Reconnecting in the Midst of Loss

From left: Bryan Cranston, Steve Carell, and Laurence Fishburne in “Last Flag Flying”
 
That’s why the audiences can become attached to them, because at certain points in the film, you can look at this trio and picture similar times you’ve had with your friends. This is Linklater’s filmmaking power, to make his viewers recall their own experiences, a skill that makes him one of the best American directors working today.   

What could have been an overly sentimental military-drama is instead a movie that skillfully deals with themes such as reconnection, regrets and loss, all of which are handled with the high level of care and detail that we have come to expect from a director who excels in such relatable topics. Just as with many of Linklater’s other films, he allows scenes to unfold at a deliberate pace without making the film feel slow, which lets us sit back and be absorbed in the opportunity to get to know his characters.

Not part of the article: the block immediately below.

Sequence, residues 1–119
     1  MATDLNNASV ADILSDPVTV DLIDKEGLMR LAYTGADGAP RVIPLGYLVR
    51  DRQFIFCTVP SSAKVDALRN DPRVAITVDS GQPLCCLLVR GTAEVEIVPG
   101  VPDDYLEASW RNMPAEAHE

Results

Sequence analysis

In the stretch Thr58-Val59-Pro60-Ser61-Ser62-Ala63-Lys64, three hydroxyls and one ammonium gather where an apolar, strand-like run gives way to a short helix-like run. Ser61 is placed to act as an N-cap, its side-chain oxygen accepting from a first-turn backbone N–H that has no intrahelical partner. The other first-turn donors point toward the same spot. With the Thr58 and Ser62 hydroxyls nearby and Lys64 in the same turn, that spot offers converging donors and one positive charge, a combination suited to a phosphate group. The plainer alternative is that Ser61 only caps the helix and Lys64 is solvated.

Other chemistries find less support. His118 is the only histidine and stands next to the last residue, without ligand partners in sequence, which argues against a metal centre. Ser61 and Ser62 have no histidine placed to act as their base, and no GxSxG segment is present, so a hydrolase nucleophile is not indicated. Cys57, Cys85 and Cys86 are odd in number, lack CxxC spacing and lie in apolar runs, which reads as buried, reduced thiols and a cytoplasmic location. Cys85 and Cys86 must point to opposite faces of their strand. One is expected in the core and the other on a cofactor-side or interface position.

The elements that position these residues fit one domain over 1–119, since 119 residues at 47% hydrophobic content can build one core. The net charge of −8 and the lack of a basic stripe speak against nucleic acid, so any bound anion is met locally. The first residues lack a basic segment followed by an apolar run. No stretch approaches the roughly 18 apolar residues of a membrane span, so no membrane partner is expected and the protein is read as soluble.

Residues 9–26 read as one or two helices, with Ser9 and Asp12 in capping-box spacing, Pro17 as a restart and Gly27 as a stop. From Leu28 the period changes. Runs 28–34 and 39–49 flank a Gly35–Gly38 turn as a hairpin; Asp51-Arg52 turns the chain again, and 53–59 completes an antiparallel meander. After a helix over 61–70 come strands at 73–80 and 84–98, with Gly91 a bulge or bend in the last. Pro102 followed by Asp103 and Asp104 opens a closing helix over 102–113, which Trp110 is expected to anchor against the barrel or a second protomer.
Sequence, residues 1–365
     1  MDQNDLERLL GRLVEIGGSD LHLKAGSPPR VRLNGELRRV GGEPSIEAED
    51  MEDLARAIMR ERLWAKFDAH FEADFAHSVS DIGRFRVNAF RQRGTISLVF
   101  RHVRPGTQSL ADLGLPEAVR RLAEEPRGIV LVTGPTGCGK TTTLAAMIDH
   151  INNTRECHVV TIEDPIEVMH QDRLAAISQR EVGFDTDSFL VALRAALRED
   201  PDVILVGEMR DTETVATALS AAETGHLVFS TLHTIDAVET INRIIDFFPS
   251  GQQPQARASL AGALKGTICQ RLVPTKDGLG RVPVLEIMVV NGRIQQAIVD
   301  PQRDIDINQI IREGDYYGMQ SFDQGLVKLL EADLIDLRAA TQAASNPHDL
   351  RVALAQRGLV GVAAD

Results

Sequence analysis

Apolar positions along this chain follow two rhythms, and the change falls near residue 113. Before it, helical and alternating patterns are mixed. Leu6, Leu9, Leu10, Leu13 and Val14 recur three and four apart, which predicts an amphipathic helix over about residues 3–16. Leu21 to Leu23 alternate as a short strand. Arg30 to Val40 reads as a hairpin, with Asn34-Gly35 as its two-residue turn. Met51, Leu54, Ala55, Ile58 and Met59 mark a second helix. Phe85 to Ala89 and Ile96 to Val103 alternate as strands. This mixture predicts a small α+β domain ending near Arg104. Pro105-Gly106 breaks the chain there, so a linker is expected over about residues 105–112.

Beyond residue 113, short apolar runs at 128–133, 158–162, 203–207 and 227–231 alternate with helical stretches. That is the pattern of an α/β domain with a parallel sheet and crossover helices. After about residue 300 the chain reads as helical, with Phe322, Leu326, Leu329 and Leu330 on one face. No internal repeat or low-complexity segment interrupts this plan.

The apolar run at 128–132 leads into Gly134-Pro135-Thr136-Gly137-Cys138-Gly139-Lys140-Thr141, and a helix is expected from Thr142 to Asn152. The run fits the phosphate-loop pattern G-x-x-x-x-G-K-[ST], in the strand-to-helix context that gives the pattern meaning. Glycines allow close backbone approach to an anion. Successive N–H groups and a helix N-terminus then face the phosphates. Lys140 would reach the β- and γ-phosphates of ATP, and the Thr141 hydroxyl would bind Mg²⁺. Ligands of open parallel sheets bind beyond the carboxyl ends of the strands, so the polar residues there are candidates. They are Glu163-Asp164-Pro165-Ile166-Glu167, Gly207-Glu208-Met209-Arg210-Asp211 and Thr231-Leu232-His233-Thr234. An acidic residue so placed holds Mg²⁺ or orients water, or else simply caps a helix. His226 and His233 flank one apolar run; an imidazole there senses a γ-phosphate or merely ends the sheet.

You can always rely on Linklater to tackle the challenges of life and remain grounded in his approach, rather than making it schmaltzy for the sake of eliciting a cheap emotional response.  The feelings you go through while watching one of his movies are earned because, whether Linklaters characters are older, younger, or the same age as you, you’ve probably had experiences that are similar to the ones that are lived by those characters. In the end, Linklater doesn’t just want to make a good movie; he wants to put a bit of your life on screen.

Final grade: A-